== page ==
Regarding your eyesight, my wife was -11 and -12. She could not see the alarm clock to read the time on the nightstand beside the bed without putting on her glasses.

About 5 years ago she had lens implants (cannot remember the exact procedure name) by a phenomenal doctor down in Denver and it has completely changed her life. She does use readers now for close up things but we all do as we get older, that is something nobody escapes from having to do.

I don't know if you have looked into that or not but it truly was the best money we have spent for her to be able to see like she does today.
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  #16  
Old 06-15-2018, 07:04 PM
TinMan TinMan is offline
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I would also suggest you try looking through a few scope with a 30mm of larger scope tubes.
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  #17  
Old 06-16-2018, 03:37 AM
georgeld georgeld is offline
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Kinda looks like another ONE time poster
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  #18  
Old 06-16-2018, 11:41 AM
kenbro kenbro is offline
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Not what the op asked, but I’ll say anyway.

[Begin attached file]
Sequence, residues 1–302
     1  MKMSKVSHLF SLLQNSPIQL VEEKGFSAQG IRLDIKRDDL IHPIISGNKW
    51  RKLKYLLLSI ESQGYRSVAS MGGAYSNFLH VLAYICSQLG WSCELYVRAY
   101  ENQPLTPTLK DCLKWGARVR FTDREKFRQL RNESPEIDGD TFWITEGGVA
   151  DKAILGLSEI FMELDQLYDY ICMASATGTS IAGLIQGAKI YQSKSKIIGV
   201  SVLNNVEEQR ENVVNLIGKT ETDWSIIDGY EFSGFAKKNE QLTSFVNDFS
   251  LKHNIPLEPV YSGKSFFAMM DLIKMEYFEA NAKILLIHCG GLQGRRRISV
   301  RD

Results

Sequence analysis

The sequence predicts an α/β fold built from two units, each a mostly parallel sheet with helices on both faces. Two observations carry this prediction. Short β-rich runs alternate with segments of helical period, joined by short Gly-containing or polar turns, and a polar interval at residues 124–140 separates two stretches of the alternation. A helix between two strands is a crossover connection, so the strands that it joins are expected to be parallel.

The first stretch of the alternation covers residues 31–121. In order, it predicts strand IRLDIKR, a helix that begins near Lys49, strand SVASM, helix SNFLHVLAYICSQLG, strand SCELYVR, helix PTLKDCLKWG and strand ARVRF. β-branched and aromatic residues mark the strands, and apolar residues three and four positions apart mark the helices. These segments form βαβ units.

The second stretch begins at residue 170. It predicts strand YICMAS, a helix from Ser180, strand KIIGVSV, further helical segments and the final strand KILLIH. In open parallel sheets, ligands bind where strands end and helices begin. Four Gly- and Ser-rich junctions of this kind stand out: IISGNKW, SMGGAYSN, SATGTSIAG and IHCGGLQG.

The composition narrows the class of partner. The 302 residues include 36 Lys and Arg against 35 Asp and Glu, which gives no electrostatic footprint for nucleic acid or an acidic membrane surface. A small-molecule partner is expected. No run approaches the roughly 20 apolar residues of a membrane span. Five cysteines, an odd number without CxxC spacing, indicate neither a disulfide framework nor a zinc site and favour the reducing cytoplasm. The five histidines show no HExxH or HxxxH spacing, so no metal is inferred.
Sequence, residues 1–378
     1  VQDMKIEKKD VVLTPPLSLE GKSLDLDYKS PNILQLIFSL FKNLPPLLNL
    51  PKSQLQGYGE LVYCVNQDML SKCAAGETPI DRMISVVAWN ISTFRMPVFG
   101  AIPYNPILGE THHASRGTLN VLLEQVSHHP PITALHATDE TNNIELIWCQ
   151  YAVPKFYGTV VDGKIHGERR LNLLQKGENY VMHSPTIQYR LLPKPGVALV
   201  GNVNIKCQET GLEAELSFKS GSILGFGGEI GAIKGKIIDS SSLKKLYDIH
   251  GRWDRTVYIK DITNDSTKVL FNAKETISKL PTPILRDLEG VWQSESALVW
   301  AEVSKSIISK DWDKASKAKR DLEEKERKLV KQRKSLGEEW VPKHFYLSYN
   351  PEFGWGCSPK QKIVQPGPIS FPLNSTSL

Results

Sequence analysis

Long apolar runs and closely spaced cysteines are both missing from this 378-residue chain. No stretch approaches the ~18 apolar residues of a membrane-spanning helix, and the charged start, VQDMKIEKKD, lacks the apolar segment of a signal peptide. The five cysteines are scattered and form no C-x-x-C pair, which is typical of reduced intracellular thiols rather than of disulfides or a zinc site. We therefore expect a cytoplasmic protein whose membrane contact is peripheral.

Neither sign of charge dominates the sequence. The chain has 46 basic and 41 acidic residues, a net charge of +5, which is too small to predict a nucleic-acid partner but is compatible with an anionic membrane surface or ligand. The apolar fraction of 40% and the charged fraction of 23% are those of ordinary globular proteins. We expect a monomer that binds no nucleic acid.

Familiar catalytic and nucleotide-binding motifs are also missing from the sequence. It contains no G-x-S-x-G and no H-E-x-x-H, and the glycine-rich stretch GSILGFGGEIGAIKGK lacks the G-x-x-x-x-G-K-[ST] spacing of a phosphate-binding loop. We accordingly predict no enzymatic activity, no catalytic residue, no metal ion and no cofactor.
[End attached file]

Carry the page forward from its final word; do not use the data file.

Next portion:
When at the range and using a friends rifle with a Leupold $1000+ scope, I found eye position was much more critical than with my Zeiss scope. Also, it seemed to me that I needed to change the distance my eye was away from the eye piece if i varied the magnification. Something I don’t have to do with the Ziess.
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  #19  
Old 06-16-2018, 02:06 PM
recoillug recoillug is offline
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Quote:
Originally Posted by coyotespotter View Post
Slightly different take, pd shooting, summer middle of the day. Ambient light is usually very good, so focusing mechanism and viable power range that limits mirage is important. Also with the 204 and light bullets, the red mist and toss factor is best inside 250 yards. A 10 or 12 power top could actually increase your percentage of hits. And high glass quality with 50mm objectives in that power range are much easier on the wallet.
I agree, a quality scope to me is more than just objective size, tube diameter, and glass quality. Paralax adjustment, reticle retention/features, and for my needs, a good mil or moa adjustable turret is desired. Of course all these collectively make for a more costly scope. So, I always purchase the best one I can afford given the features I desire.
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  #20  
Old 06-16-2018, 04:05 PM
georgeld georgeld is offline
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I've been lucky maybe because I watched two guys
get scope bit when just getting into shooting big stuff.

I'm mighty careful of how close I get to them as it looks
damned painful and I don't like blood running into my eye's
either.

These hard recoiling .17 cal's are terrible about scope relief.

Til I put on about 75lbs I used to have a long turkey neck and
crawled the stocks bad. After discovering I was too close a few
times I've learned to back off. That and knowing "if there's black,
I'm too close".

Only time I've shot a high dollar scope was a city cop sniper buddies AR.
Said he'd paid over $3000 for it. Nice n clear, but, I didn't see that much
difference, sure as hell not $3000 worth!